Thursday, 11 December 2014

I Love Ofsted

Jed slept soundly. He had arrived late and I had guided him to his seat and given him the materials being used in the lesson. There weren’t many; it was 1979 and the queue for the banda machine was not unlike the Black Friday rush for TVs in ASDA. It was a well heated room up three flights of stairs and I understood that Jed may be tired; after all who knows the daily experience of others prior to our lessons. I let him sleep quietly on and the class soon forgot he was there. It wasn’t a bad lesson as I recall; I was probably doing something personal with a poem but regardless, Jed slept on. At the end of the lesson the class and I connived for them to leave really quietly, sharing the joke.

It was my first year of teaching in an interesting East London comprehensive so I woke the LEA advisor for English and newly qualified teachers and asked how he rated my lesson. Jed must have offered something but it wasn’t memorable. I was promoted 4 times in 9 years at that school and Jed’s dreamy assessment was the only time I was ever observed teach.

School management teams did not observe us; teacher tutors were yet to be invented and LEAs were weak on monitoring. We needed someone to observe good teaching and disseminate good practice rather than leaving each teacher in an island, and each school in a desert. Standards of teaching, discipline and management were poor in many schools. It would be another 13 years until Ofsted was created in 1992.

I was first observed by an Ofsted Inspector in the mid 1990s. Our head managed to successfully challenge 30 judgements made by lead inspector Valerie  and the report ended up as nonsense with half complete sentences. I passed her in the car park and for some reason I still don’t understand, the inspector told me that she would stalk me throughout my career. She left Ofsted soon afterwards.

Mynext inspectors, at Chauncy, were a local authority team who criticised a languages carousel that the deputy lead inspector, the local authority’s Languages advisor, had himself helped create.

The next team was led by a tweedy, bejewelled Lady Joan and a gentleman who was distraught to come across a tomato ketchup sachet that a child had stamped on. His emotional  upset was decisive.

Ofsted team number 4 told us we would need a value added up around 1030 to get an outstanding grade. When questioned at national level about a local school receiving the outstanding grade with a value added of 998 I was told that school had shown progress. A nearby school got Grade 1 overall seemingly because the courteous male head charmed the lead lady inspector. I’ve never charmed an Ofsted inspector in what is now 5 inspections.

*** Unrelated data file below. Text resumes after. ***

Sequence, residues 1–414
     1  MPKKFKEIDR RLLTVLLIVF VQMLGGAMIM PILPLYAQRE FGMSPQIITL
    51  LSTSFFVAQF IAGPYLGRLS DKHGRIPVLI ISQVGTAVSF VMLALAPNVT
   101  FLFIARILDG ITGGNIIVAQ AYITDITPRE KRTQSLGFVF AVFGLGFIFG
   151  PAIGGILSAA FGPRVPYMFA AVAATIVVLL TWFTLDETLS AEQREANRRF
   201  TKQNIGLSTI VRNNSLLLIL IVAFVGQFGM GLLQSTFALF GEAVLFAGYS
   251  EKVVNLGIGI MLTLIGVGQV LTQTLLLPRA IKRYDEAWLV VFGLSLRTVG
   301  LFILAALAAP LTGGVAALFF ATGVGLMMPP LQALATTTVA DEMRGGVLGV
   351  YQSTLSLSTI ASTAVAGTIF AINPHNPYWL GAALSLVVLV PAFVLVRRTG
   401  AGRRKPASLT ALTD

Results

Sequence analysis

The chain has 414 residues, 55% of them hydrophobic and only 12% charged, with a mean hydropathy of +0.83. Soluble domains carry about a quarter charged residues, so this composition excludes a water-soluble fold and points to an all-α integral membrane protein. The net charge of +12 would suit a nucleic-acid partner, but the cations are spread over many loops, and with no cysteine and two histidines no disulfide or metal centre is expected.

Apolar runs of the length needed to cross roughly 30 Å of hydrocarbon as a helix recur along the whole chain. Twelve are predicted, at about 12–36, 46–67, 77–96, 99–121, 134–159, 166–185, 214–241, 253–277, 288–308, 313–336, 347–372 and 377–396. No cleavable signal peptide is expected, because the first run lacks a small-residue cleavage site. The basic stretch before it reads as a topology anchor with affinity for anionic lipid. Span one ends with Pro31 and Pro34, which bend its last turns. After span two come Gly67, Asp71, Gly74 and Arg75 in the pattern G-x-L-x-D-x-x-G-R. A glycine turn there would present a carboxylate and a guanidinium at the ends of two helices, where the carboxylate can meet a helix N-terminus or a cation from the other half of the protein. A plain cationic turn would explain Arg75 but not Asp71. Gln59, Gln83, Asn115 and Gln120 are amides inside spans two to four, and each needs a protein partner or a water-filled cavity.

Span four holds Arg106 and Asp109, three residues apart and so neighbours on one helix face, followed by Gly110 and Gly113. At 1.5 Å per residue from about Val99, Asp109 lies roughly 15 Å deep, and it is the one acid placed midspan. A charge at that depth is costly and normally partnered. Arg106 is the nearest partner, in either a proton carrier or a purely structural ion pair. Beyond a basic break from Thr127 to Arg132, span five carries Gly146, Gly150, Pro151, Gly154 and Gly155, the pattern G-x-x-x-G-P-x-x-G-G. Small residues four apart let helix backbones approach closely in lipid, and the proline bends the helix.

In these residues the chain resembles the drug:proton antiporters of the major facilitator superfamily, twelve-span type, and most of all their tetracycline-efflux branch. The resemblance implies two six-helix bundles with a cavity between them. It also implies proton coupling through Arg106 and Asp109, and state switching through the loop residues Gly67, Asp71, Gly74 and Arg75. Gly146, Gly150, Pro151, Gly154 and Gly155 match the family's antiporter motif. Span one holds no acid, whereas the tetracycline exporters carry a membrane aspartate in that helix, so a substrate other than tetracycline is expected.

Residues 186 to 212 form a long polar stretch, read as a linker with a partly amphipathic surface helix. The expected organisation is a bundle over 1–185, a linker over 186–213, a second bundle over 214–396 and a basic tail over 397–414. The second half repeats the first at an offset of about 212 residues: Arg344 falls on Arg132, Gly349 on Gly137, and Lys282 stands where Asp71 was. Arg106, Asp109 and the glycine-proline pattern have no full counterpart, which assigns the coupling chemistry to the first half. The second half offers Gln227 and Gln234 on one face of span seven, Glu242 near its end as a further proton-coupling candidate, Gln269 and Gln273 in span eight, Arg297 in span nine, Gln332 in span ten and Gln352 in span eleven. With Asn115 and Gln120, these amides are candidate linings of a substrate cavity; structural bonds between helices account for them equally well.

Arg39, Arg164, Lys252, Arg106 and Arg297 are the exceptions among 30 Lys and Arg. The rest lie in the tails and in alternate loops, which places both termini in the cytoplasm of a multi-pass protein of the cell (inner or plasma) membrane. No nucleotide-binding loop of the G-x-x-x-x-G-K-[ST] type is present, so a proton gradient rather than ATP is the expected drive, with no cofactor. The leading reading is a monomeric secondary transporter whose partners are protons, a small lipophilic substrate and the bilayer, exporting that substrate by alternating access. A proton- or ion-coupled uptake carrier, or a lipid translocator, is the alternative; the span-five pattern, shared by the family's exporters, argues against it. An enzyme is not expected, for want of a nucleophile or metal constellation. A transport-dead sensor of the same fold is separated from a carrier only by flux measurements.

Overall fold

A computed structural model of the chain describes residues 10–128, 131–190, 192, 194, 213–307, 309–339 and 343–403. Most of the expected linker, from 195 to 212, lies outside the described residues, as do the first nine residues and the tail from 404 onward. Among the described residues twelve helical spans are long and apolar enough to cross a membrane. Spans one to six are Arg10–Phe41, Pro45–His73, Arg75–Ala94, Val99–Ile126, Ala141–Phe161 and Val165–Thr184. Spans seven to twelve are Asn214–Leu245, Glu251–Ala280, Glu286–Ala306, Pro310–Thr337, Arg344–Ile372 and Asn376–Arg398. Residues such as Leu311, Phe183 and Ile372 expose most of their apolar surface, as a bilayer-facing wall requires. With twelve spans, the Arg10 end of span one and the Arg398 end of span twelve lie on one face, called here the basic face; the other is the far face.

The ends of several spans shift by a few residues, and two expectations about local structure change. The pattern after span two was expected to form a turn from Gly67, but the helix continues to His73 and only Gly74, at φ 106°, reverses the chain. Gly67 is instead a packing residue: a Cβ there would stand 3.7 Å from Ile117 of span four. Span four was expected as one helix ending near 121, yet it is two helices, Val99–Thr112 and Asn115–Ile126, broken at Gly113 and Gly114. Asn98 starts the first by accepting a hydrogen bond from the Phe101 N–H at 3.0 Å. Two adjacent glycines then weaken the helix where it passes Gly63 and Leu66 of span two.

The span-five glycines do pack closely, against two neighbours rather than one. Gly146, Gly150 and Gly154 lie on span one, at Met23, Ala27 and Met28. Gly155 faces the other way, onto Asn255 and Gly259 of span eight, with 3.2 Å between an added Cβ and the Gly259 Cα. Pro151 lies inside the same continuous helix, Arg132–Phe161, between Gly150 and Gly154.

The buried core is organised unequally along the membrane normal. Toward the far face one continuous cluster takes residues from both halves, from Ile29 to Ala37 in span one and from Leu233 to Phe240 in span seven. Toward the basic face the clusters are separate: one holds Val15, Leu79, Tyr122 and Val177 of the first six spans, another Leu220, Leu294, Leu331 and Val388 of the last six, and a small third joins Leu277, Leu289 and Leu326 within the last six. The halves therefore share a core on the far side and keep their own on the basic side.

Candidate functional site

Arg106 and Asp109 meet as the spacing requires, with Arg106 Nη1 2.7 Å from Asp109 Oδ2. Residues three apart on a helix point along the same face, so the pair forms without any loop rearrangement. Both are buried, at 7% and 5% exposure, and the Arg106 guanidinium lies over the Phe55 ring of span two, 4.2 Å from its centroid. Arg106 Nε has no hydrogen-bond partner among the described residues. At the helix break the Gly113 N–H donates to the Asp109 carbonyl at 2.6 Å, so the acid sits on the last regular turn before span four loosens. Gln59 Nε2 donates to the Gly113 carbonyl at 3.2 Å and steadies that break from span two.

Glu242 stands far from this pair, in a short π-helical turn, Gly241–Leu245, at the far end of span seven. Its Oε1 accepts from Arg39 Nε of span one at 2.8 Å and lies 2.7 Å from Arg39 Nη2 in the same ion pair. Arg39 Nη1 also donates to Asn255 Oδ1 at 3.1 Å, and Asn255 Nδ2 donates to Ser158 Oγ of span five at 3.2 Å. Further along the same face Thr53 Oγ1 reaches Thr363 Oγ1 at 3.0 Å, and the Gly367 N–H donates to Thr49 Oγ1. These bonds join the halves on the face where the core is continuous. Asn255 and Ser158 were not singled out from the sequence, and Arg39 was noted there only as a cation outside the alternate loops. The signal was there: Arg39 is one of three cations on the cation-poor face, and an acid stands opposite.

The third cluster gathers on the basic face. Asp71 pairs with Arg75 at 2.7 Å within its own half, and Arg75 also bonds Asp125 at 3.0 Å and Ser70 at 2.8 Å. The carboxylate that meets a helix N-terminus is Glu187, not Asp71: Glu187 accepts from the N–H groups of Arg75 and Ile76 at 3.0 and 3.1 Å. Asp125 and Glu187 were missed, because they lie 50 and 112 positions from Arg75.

“Chauncy is an exciting and inspiring place ,” declared lead inspector of Team 5. We benefitted from her background as an English teacher even if she didn’t like my repeatedly quoting the John Lennon title, “How do you sleep/”

Here’s a thing. You stand a better chance of a good written Ofsted Report if the inspector is an English graduate. Some of them can’t write and at least two have been found to have used the “cut and paste” technique (Academies Week 06-09-14)

A friend has  abandoned his own Ofsted Training in disgust when his school was unfairly inspected  last month. The lead inspector steadfastly refused to follow Ofsted rules and advice. Whatever the Ofsted guidance it is the lead inspector who interprets and can destroy.

Guess who you complain to if unhappy with  Ofsted nspectors? Well, Ofsted, of course.

A nearby Headteacher was told to shut up by an inspector shouting at her as he dismissed the school’s achievements. No less than Wilshaw himself invited her to his office so he could apologise for disgraceful Ofsted behaviour. Like bullies everywhere the brave Wilshaw didn’t turn up – at his own office.

I have two local colleagues upset by a Grade 2 (Good) Ofsted and mealy mouthed, semi- literate, negative prose . Their conduct on inspection had left a bitter taste and thoughts of alternative employment.

Teaching is such a joyous fulfilment for most teachers but just how powerful is the unjustified, data driven misrepresentation of a lifetime’s work that one can receive almost at the whim of an inspector.

Teachers all over the country are hounded by flapping headteachers preparing them for Ofsted. Meeting after endless, distracting, tiresome preparation for Ofsted meeting forcing teachers to worry about looking good to Ofsted rather than helping children learn. Teachers walk away from their vocation over Ofsted, and many headteachers have been sacked on poor reports.